Blogs

Public speaking

Mark BrowneApril 3, 20192 comments

Public Speaking: This common task goes with embedded system engineering. Pitching a project. Presenting at a conference. Delivering a status report. Teaching. All part of the job.

Stephane Boucher did a v-blog post here last week and is naturally apprehensive about how he did.

If you have not seen it you can catch it here:


First - Stephane - You did fine!

I spent some time (5 quarters, 3 classes a day, computer technology in a tech school) in a classroom and am comfortable in front of a big group. It took some time to get comfortable doing this. Expect that it will get easier.

A useful trick - pick one person and talk to him directly in your mind. You can talk to one person, right? (Do switch up who you are looking at or it gets kind of weird!) 

This is why a lot of v-blogs have one person talking to another. Yes, the other person is the "Rubber Duck!" 

https://en.wikipedia.org/wiki/Rubber_duck_debuggin...

As far as filling time - do a bullet-point list of the things you want to cover. This is a variation of the classic tool used by orators, the memory palace.

https://en.wikipedia.org/wiki/Method_of_loci

The average speaker goes about 100 words per minute. Note that this can range up to 150 words per minute but then this gets hard for an audience to follow; work to speak slowly and clearly. This means that for 15 minutes you need about 1500 words of material. Do some word counts on text (Pro tip - built in feature of word) to get some idea of how much material you will need and what it looks like. If you are a good typist, as an exercise, you can type in the material into your bullet point list to "test drive" what is in your memory. This also primes you to speak fluidly off-the-cuff. Don't have this text in front of you when speaking - only the bullet points. If you do and you are feeling a bit nervous you will take the easy way out and start reading it out.

Reading from prepared text is wooden and mechanical so you probably don't want to do this. 

Also - if you have power points don't read them to the audience; this is deadly monotonous. The average person reads about 300 words a minute; they can read faster than you can speak. They are done with it, and there you are droning on and on. Talk about the topic on the slides, what it means, what they should take from it.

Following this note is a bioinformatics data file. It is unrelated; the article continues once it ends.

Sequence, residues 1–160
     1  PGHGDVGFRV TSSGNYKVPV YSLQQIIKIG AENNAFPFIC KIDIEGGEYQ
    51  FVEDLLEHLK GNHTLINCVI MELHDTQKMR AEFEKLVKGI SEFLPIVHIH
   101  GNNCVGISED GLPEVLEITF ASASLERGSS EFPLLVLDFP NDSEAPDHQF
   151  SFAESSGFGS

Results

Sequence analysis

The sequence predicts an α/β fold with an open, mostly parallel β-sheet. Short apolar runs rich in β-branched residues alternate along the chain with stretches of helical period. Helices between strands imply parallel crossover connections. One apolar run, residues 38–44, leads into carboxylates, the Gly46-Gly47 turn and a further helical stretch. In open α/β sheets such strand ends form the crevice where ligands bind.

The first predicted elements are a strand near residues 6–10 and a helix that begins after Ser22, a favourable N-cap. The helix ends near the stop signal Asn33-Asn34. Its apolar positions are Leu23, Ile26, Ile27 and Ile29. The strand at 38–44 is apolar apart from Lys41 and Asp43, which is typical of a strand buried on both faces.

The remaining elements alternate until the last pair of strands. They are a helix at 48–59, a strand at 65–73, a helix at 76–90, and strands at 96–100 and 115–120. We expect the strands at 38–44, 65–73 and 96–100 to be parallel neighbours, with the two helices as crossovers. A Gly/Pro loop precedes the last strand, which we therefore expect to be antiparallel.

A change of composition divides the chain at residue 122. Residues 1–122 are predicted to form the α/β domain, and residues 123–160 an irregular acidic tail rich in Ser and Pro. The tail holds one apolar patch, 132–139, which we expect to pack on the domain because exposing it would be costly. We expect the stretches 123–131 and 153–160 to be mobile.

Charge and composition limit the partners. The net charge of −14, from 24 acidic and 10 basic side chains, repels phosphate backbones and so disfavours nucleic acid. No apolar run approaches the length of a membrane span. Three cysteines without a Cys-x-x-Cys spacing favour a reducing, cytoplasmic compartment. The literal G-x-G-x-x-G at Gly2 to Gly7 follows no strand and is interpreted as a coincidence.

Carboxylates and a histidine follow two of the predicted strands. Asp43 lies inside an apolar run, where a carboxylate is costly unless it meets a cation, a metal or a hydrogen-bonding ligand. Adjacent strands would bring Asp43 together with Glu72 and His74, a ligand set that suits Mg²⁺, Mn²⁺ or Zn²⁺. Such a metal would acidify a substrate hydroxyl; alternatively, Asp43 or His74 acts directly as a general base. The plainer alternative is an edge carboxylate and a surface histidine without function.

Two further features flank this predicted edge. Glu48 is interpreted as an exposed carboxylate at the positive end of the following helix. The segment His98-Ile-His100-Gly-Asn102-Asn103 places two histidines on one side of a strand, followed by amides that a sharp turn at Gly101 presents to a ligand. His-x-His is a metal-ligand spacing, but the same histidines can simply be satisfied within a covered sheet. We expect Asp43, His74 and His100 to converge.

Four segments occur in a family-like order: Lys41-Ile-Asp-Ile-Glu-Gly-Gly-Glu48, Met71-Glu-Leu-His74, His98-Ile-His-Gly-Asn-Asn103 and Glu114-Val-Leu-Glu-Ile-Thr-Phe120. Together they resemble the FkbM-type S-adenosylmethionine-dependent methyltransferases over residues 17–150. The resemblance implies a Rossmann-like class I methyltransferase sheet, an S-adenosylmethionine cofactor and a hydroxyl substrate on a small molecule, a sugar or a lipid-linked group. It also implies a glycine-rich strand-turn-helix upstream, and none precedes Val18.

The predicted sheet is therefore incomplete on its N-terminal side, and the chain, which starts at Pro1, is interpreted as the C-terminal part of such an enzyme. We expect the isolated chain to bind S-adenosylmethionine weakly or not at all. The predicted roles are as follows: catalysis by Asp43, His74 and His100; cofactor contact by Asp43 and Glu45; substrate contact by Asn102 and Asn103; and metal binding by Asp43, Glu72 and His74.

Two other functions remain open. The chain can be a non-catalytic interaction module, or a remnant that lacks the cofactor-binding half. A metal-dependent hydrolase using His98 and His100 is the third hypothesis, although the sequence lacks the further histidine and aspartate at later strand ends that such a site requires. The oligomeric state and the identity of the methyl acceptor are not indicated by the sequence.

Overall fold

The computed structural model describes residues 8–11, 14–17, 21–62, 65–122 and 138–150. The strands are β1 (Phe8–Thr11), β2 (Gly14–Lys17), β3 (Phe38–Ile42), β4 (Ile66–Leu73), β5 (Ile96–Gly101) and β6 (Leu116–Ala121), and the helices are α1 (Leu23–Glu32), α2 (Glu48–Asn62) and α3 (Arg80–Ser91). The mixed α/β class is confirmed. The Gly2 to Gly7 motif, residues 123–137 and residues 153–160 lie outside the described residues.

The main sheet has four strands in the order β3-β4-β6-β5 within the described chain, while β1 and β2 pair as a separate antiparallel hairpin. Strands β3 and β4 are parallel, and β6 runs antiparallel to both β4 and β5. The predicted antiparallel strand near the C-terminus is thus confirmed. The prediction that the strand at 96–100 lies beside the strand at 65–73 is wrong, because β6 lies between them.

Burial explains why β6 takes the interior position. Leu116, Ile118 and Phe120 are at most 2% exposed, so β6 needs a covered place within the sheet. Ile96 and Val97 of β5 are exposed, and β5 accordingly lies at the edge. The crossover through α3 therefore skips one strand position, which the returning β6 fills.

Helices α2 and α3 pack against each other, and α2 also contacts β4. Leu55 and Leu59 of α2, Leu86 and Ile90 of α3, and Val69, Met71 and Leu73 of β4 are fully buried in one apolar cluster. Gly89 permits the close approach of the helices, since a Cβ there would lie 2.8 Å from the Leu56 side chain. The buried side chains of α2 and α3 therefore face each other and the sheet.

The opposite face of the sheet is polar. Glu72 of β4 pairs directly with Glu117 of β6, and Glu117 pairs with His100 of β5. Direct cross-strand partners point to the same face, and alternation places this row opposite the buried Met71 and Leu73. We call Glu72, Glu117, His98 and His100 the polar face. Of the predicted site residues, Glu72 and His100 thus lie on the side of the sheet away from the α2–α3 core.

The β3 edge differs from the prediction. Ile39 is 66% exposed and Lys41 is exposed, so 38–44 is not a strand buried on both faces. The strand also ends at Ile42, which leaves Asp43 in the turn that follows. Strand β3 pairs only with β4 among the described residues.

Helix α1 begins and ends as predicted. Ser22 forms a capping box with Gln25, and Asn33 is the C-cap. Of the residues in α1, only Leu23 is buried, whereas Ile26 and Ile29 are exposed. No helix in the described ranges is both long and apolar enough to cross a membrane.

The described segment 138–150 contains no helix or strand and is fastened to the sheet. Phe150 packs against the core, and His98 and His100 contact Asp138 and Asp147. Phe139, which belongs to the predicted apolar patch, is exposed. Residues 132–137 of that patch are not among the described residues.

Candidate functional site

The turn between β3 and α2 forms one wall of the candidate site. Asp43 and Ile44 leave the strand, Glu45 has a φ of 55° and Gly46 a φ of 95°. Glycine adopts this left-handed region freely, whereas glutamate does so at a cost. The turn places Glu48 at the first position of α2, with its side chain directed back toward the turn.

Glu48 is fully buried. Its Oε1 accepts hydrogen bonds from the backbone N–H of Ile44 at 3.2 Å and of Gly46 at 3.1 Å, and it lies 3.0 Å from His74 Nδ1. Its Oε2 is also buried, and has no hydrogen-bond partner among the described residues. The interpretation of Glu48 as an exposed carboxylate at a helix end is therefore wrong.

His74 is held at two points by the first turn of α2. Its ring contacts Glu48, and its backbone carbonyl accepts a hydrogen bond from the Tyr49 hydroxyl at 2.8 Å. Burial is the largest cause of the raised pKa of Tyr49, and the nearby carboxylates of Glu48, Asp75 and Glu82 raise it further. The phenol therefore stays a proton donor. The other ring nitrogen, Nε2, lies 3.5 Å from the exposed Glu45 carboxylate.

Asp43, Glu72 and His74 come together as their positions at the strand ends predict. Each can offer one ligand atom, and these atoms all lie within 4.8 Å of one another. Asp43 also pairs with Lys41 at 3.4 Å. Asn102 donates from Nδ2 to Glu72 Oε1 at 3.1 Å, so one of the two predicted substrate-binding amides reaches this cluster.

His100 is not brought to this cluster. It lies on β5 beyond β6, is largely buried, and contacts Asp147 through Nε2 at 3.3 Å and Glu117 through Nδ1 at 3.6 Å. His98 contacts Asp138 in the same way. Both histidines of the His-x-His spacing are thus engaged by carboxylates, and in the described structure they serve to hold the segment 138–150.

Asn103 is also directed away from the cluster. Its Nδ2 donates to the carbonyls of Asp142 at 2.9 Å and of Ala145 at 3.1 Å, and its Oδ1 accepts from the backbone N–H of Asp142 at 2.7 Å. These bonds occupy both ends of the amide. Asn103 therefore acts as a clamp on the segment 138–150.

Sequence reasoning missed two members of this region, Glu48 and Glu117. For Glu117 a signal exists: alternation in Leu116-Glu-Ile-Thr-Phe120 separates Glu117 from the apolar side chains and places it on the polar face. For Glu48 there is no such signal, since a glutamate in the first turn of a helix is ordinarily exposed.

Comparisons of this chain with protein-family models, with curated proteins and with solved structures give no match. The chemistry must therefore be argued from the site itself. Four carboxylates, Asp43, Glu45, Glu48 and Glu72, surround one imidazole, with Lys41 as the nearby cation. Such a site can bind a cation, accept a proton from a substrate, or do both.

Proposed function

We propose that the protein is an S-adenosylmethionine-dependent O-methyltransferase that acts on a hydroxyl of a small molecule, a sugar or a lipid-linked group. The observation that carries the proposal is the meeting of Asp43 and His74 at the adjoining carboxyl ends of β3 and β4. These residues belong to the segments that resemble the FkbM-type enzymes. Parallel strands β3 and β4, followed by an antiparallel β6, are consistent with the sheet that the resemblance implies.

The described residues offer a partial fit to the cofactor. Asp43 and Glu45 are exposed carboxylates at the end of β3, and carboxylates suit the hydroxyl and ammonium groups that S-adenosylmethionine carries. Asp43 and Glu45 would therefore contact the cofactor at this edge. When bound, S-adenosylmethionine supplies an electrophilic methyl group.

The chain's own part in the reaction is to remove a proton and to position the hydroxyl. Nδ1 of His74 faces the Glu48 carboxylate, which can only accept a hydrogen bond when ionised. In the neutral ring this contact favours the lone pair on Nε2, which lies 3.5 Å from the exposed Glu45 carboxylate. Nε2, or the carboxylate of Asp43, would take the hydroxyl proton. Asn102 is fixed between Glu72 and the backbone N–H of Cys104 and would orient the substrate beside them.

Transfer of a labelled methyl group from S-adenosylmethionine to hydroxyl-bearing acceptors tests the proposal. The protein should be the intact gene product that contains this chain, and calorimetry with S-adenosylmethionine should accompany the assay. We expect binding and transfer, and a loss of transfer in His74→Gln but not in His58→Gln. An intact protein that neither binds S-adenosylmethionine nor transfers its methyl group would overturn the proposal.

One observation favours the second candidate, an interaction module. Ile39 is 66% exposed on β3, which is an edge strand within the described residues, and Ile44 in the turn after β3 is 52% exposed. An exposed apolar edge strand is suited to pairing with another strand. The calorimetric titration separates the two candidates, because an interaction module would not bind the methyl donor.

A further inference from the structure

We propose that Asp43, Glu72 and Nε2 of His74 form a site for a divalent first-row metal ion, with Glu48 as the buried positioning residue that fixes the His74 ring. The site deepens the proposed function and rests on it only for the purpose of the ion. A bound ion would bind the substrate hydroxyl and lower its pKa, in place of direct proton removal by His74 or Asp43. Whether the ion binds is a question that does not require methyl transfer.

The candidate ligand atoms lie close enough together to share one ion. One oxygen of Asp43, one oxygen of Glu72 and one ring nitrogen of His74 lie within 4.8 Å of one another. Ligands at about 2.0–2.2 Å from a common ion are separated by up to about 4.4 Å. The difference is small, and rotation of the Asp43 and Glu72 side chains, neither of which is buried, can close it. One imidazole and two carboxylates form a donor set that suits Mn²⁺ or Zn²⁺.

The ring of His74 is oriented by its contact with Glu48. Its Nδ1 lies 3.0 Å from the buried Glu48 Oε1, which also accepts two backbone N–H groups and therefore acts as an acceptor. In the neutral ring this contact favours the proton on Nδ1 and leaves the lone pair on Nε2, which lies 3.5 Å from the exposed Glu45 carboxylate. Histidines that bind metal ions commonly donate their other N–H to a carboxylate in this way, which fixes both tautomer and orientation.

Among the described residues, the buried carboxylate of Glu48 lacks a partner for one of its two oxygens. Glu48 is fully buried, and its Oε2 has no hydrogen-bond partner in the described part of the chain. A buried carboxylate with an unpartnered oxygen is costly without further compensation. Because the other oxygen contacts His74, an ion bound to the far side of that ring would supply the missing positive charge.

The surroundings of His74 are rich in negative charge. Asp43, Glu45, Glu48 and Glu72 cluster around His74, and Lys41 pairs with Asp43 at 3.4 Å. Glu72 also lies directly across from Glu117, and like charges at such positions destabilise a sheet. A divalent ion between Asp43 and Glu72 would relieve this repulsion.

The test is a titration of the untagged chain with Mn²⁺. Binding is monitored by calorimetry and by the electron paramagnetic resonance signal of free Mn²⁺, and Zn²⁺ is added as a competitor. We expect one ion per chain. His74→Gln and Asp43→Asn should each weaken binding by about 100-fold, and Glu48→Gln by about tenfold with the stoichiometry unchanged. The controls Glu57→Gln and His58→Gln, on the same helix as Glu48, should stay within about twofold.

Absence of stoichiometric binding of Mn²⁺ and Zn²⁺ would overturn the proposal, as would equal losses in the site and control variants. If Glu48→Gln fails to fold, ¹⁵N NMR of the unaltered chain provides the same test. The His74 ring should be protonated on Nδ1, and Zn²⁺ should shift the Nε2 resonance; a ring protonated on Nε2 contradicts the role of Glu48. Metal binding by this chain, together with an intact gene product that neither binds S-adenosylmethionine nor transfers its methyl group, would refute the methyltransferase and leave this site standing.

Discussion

If you paraphrase a block of text, you will always end up making it shorter. If you expand from a bullet list, you can learn to work through it and fill in as you go along. I put a ruler on my lists and move it down as I go through the list. The danger here is to race through a huge number of things in no depth and end up sounding fragmented and confusing. The bullet points are just a guide (your memory palace) to bring the topic to your mind to discuss. Expect to add in your experience to flesh it out.

Speaking to an audience is a performance task and efforts to remove distractions or prepare ahead of time can be useful. While you are getting dialed in on this there is a lot to be said for dry runs with a video camera so you can watch to see what is working and what you can tune up.

Telling stories from your experience should work well. Stephane did well with covering how he interacted with the ST booth. The story of how ER came to be was excellent. Dig for the stories that you have experienced; these are your stories that you know better than anyone else - they are the fuel for your v-blog.

After some practice with this, you can learn to adapt this technique to material that is not a story but has a beginning, middle, and end.

Restated: Introduction - This is an orientation to what it is your are talking about, then the actual materials and relationships, finally - recap of the main ideas and relationships. Keep in mind that the first and last parts of a presentation are what the viewer finds the easiest to remember so you may want to put the good stuff there. Opening with a heads-up of something juicy to come keeps the anticipation and attention up.

Jokes are hard to get right. I would avoid them until you get more comfortable. Stick with telling people what you know or you have discovered. If it delights you, it may delight other people.

Most people sit at home and are part of the herd, knowing what the herd knows, making their way through the days. A hermit goes out and finds the new things for himself. His life is better but nobody else knows what he knows. An explorer goes out, finds the new things, comes back, and tells the story to the herd so they can live it vicariously. Being a good storyteller is an important part of being an explorer.

What tips have you learned about public speaking?


Previous post by Mark Browne:
   Getting smacked by the long tail of poor design habits
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   Patents and the little guy working at home

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Comment by stephanebApril 3, 2019

Very insightful!  For me, I think success will be about preparing more so that I don't feel as much tension in my body and my mind from the moment the 'go live' button is clicked.  From a state of less tension will come the interesting stories - I think...  Thanks for taking the time to write this blog!

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Comment by Alex_ODonnellApril 10, 2019

Presenting projects internally at work is stressful enough. I can do it because I know most people in the room.  Presenting externally, company wide or to strangers is harder.  The worst presentation I had to do was a 10-15 minute presentation with slideshow as part of a job interview. ( I don't see that covered in Cracking the Coding Interview).   I wish I would have found a helpful guide like this before that interview last year, who knows I might now be working in San Francisco.  Thanks for the insights.

Alex

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